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Olympic Fever In Your Barn?

If there is a sense of Olympic fever in your horse barn then you are not alone. At a recent dressage clinic Paul and I found plenty of excitement about the forthcoming stellar equestrian competition. It seemed as if everyone was trying just that bit harder to master their equestrian prowess.  Paul Alvin-Smith schooling an ANCCE stallion   Last year while in the United Kingdom enjoying various trips through the autumn and winter months, I had the opportunity to personally engage with some national contenders for the team. To say it was awe-inspiring is an understatement.  I may be a wee bit spoiled!   The advent of live-streaming TV means everyone can gain access to watch the particular discipline they favor in real time, and that has everyone that is a serious competitor and a lot of all-important grass roots amateur riders too, are on the edge of their seats enjoying the spectacle. If you operate a horse training facility then this year in particular is a great time to garner some ext
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The Luxury Of Horsekeeping At Home

Once you take the leap of faith and move your horses from full-time livery service to keeping them in your own backyard it truly is, hard to go back. Not because the boarding barn owner wouldn't be happy to see you, but because once you've taken your horse care matters into your own hands you quickly learn the nuances of all aspects of horse care matters, and learn they are more important than you ever imagined.   Early Days At WVH North Blessed with my husband being as avid a dressage personage as I am, the notion of keeping horses at home was never far from our minds when we moved from the U.K. to the U.S.A. way back when. With his vast experience training horses and my lesser experience with formal riding education but lots of 'hands-on' experience spent riding and working in foxhunting, elite showjumping and horse breeding yards in England, our combination of experience worked well. Gambol's Georgy Girl - one of our WVH DWB homebreds   As you age toward mileston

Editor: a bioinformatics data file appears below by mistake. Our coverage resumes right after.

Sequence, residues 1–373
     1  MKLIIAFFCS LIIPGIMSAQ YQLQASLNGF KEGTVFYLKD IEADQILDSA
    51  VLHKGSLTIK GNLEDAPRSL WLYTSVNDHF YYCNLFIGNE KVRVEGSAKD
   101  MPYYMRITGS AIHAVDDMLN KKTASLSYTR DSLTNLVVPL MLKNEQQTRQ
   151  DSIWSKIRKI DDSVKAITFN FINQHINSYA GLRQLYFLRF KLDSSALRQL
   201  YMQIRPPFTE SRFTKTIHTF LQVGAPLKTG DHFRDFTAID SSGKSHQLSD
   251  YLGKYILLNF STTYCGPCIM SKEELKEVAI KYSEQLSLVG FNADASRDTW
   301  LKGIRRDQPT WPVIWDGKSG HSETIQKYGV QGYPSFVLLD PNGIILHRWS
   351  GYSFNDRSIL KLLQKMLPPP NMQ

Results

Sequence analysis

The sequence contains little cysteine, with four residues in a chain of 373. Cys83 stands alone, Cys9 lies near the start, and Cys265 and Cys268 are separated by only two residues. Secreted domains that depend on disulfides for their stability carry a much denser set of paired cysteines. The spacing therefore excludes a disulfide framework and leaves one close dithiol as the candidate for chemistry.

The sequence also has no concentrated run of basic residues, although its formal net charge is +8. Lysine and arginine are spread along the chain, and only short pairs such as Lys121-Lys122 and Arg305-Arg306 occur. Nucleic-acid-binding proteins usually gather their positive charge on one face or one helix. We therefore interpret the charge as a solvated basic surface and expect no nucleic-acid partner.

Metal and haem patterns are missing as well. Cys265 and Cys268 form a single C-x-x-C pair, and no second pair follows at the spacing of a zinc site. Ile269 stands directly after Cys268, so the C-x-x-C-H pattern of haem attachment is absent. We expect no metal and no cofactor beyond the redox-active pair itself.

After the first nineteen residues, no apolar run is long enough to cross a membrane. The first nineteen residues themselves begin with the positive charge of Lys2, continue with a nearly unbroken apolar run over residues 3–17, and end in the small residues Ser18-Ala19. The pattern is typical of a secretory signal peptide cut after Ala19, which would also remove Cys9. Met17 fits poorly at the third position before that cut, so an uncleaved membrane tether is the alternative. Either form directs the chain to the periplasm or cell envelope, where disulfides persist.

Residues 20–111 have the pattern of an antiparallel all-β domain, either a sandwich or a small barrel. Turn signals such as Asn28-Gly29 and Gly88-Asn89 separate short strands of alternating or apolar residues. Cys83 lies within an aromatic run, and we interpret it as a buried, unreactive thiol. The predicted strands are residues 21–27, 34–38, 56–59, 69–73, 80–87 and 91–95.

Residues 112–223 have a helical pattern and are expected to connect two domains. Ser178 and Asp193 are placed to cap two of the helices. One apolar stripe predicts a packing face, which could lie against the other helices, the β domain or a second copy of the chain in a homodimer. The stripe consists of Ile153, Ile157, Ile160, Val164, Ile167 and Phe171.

Dressage Aficionados - Police Ourselves Or Pay The Consequences

It is sad to see folks like British rider Lottie Frye with her Everdale competing at Amsterdam CDI receiving some significantly bad press and attack over her training style, and Cesar Parra, another Olympian this time representing Columbia who works in the U.S.A, subject to the same. Lottie Frye went from hero to zero in short order, the horse showcasing some telling signs that the training methods employed on the equine, who I'm sure is nonetheless much loved by Frye, are perhaps not the kindest. And from a classical dressage exhibit standpoint, certainly not correct and true. But the judges certainly rewarded it, placing her 1st. We all love our horses, but our actions speak louder than words   The reality is that whether the alleged activities of applying screws to horse's mouths such as mentioned in the FEI suspension of Parra, or the inevitable topic of rollkür training techniques are back, it seems that elite riders are still being rewarded for the results of those meth

Free Trial of Grand Meadows Postbiotic - Yes Please!